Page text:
Igbo names and spellings for various settlements
Abakaliki is Abankaleke; Afikpo is Ehugbo; Awgu is Ogu; Awka is Oka; Bonny is Ubani; Enugu is Enugwu; Ibusa is Igbuzö; Igrita is Igwuruta; Oguta is Ugwuta; Onitsha is Onicha; Owerri is Owere; Oyigbo is Obigbo... any more will be added.

Wednesday, September 19, 2018

Murdering Women in Nigeria [Women's War]

The Crisis, May 1930, p. 164.

“Murdering Women in Nigeria” by Ben N. Azikiwe, better known as Nnamdi Azikiwe. This is a report concerning the Women’s War of 1929 against British taxation and the killings of women in Opobo by British forces. This was published in The Crisis, May 1930, a Black American journal for civil rights, history, politics, and culture founded by W.E.B. Du Bois as the official publication of the NAACP. The reference to the March 1930 issue is the single strip. Nnamdi Azikiwe was a key figure in Nigerian independence who later became the first indigenous Governor General of Nigeria on Nigeria’s independence in 1960 and the first president of Nigeria in 1963.

The Crisis, May 1930, p. 178.

The Crisis, March 1930, p. 98.

The Crisis, May 1930 [Google Books]
The Crisis, March 1930 [Google Books]

[Links Accessed September 19, 2018.]

Monday, September 10, 2018

The Ibo State Union

Endowment Fund. Ibo National High Schools. Ibo State Union Headquarters. 1954.

The Ibo State Union was the main pan-ethnic Igbo organisation from 1948-1966. It started out as the Ibo Federal Union founded in 1944 by the leaders of the Lagos Ibo Union.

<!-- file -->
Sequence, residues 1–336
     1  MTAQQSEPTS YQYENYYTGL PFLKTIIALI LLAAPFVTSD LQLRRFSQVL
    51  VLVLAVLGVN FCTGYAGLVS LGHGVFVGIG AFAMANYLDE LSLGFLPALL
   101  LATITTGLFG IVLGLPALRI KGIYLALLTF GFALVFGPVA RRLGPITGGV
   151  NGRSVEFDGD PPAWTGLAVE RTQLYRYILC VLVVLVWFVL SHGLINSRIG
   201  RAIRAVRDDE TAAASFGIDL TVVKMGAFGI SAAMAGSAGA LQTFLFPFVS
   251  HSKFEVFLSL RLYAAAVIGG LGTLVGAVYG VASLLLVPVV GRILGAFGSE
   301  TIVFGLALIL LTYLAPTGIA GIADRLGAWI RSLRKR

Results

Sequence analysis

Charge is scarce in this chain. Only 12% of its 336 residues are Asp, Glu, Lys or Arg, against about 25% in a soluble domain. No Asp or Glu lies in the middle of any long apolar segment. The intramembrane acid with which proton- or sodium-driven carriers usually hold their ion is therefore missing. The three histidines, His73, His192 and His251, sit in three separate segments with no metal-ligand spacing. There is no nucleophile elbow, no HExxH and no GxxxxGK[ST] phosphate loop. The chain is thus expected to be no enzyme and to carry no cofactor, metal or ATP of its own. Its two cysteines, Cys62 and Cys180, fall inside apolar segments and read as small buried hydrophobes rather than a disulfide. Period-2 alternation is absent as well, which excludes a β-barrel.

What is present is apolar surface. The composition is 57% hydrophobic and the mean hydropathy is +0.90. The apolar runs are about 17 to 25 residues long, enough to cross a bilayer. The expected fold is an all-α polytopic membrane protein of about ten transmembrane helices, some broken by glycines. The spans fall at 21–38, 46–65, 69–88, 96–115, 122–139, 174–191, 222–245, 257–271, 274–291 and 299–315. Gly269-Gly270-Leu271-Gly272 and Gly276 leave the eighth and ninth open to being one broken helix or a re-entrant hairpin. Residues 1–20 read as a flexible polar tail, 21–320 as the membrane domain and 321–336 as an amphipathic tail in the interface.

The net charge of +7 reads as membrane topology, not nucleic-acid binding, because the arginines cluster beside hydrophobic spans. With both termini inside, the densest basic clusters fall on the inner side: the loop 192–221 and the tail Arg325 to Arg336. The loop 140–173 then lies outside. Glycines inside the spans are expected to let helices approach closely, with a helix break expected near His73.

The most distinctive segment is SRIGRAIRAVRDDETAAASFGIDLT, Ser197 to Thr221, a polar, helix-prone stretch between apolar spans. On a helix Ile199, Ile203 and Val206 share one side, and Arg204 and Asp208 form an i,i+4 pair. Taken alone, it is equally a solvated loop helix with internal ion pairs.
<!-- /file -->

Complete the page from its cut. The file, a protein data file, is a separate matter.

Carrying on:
In 1943, Dennis Chukude Osadebay, the general secretary of the Ibo Union in Lagos who represented the Asaba Union, launched a campaign to federate all Igbo unions throughout Nigeria resulting in the formation of the Ibo Federal Union in 1944 which later became the Ibo State Union.

The Ibo State Union's goal was for solidarity among the Igbo people as well as support for educational development. Formed by elite Igbo nationalists, the union also functioned as an anti-colonial and nation-building organisation and supported an agenda for Nigerian independence.

The Ibo Federal Union, once headed by Nnamdi Azikiwe and renamed the Ibo State Union in 1948, produced an Igbo national anthem and once planned for a national bank of Igboland. The union also made the 6th November 'Ibo National Day.' The union was close with the NCNC.

The Ibo Federal Union became the Ibo State Union at a 1948 pan-Igbo conference at Aba in order “to organize the Ibo linguistic group into a political unit in accordance with the NCNC Freedom Charter.”

The Ibo State Union was banned in 1966 along with other political parties by the Aguiyi-Ironsi regime through decree 34 of May 24. During its existence, the Ibo State Union was one of the most influential ethnic organisations in Nigeria.